- Golden Corral coming to Cape; may hire 100 workers (7/21/16)9
- Arrest warrants filed for six drug suspects in Cape (7/19/16)6
- Area groups working together to reintroduce elk in Missouri (7/18/16)1
- Suspect in downtown Cape shooting ID'd in court (7/20/16)2
- Prosecutor says shooting by state trooper was justified (7/24/16)15
- Hastings in Cape closing (7/22/16)5
- Governor signs Rep. Swan bill that equalizes child-custody criteria (7/6/16)5
- City may spend extra park tax money on Cape Splash, skate park, other projects (7/25/16)10
- Jackson's former police dog euthanized Monday (7/21/16)2
- 'I want to see how far I can go' (7/21/16)2
Privileged NYC students donate gowns to small town
CLAY, W.Va. -- It was not her favorite color, and it hung from a rack made from two-by-fours and pipes, but it was the perfect prom dress for Jennifer Mullins: It had straps, it came with a wrap, and it was free.
The 18-year-old made her choice Monday at a makeshift boutique in the Clay County High School gym, stocked with about 450 gowns donated by students and parents at an exclusive private girls school in New York City.
In an event dubbed Operation Prom Dress, students at the Hewitt School in Manhattan, where the yearly tuition is nearly $20,000, sent the new and used dresses -- along with shoes, gloves, jewelry and other accessories -- to girls in this poverty-stricken Appalachian county where the median annual household income was about $21,000 as of 1997.
All of Clay County High's 325 or so girls were allowed to select a dress and accessories. So were some teachers who will be chaperones at the May 11 prom.
"I found a great dress. It's not pink, but it's really pretty. It's black and sort of blue and shiny," Mullins said.
"I love it. I feel so elegant," said Katie Walker, 18, after trying on a pink strapless number with sequined trim along the bodice.
"I saw this when we were putting out the dresses. So when it was my turn, I went straight to it, tried it on and it fit."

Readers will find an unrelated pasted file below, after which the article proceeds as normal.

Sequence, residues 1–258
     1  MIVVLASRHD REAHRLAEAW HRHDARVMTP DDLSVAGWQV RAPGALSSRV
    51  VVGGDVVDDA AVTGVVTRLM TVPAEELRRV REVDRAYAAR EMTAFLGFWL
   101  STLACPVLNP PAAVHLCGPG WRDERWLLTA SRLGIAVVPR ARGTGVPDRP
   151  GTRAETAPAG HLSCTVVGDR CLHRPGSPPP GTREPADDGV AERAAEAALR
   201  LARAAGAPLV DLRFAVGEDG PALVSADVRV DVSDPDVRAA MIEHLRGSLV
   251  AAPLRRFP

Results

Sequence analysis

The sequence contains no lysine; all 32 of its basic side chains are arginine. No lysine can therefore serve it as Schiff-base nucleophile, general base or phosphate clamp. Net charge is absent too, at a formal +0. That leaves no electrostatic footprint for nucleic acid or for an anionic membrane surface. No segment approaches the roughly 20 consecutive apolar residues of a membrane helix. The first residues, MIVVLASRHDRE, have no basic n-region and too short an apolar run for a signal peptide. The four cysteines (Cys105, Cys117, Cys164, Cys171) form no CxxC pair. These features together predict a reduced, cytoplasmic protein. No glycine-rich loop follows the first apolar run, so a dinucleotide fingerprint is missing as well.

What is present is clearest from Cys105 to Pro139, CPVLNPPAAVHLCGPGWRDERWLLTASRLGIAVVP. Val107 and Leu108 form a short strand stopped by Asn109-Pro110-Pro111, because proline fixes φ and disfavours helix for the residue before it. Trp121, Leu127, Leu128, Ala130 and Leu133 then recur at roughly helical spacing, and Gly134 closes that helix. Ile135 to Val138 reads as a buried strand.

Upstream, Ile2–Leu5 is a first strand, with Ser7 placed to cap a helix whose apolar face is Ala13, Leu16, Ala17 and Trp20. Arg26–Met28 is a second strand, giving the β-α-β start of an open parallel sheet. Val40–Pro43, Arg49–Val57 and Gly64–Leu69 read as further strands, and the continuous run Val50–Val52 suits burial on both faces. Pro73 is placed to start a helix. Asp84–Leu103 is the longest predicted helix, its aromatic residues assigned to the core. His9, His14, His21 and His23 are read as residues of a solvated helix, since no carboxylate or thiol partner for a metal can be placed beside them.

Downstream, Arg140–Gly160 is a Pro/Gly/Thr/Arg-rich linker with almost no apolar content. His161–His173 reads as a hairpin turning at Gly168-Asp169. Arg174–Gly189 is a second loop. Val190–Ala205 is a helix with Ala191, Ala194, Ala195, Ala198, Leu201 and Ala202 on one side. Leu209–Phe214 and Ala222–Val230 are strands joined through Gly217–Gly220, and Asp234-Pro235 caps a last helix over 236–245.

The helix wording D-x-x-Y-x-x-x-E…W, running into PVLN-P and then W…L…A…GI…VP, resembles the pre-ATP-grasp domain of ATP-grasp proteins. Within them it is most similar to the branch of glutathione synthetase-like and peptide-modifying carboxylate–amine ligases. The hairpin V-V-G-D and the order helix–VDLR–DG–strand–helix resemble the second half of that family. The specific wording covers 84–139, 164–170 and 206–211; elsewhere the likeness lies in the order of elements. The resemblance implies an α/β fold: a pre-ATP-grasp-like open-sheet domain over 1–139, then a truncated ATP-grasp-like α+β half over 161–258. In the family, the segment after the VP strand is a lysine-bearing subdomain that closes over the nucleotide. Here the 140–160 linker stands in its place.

Arriving by truck
Most of the dresses arrived by truck last week. Six Hewitt students, six parents and two faculty members flew by private jet Monday to Charleston, then traveled 60 miles by van to bring the last 50 dresses to Clay.
"This is so wonderful. It makes me excited for my own prom. The girls are so nice and welcoming, said Claire Henry, 17, of New York City.
"The drive from Charleston was very beautiful. Everything is so green. It's very different from New York City."
Henry said she sees Operation Prom Dress as a way to say thank you for some of the help New York received after the terrorist attacks.
Clay, a no-stoplight town of about 600, is situated in a coal-and-timber area where unemployment is 12 percent, one-third of the children live in poverty and about a quarter of the homes are trailers.
Still, Clay County High is a National School of Excellence with one of the highest attendance records in West Virginia.
"The girls are so excited, and the boys have pitched in and built clothing racks," said Principal Cindy Willis.
"All the girls are included whether they are needy or not. They appreciate this offer of friendship."
Shawn Hardman, 18, who helped to build the dress racks, said he did not feel left out.
"The girls' dresses are much more expensive than what boys spend. We may only have to spend $100 on a tux and flowers, but the dresses can be $300, $400, $500," he said.
Operation Prom Dress grew out of conversations between Clay County High's principal and Dena McKelvey, whose daughter is a junior at Hewitt. McKelvey and her husband, Andy, had helped Clay County residents in the past through the McKelvey Foundation by providing scholarships and clothing.
"Our girls in New York go to so many bat mitzvahs and parties that they have a lot of dresses.
"You wear a dress once, you can't wear it again. That's just not cool," McKelvey said.
May be regular event
Linda Gibbs, head of the Hewitt School, said she hopes to involve other New York private schools in Operation Prom Dress and perhaps make it a regular event.
"All of our students are young women of privilege," Gibbs said.
"They may not all be wealthy, but they all have great opportunities. That's why we believe strongly that those who have much have an obligation to give back."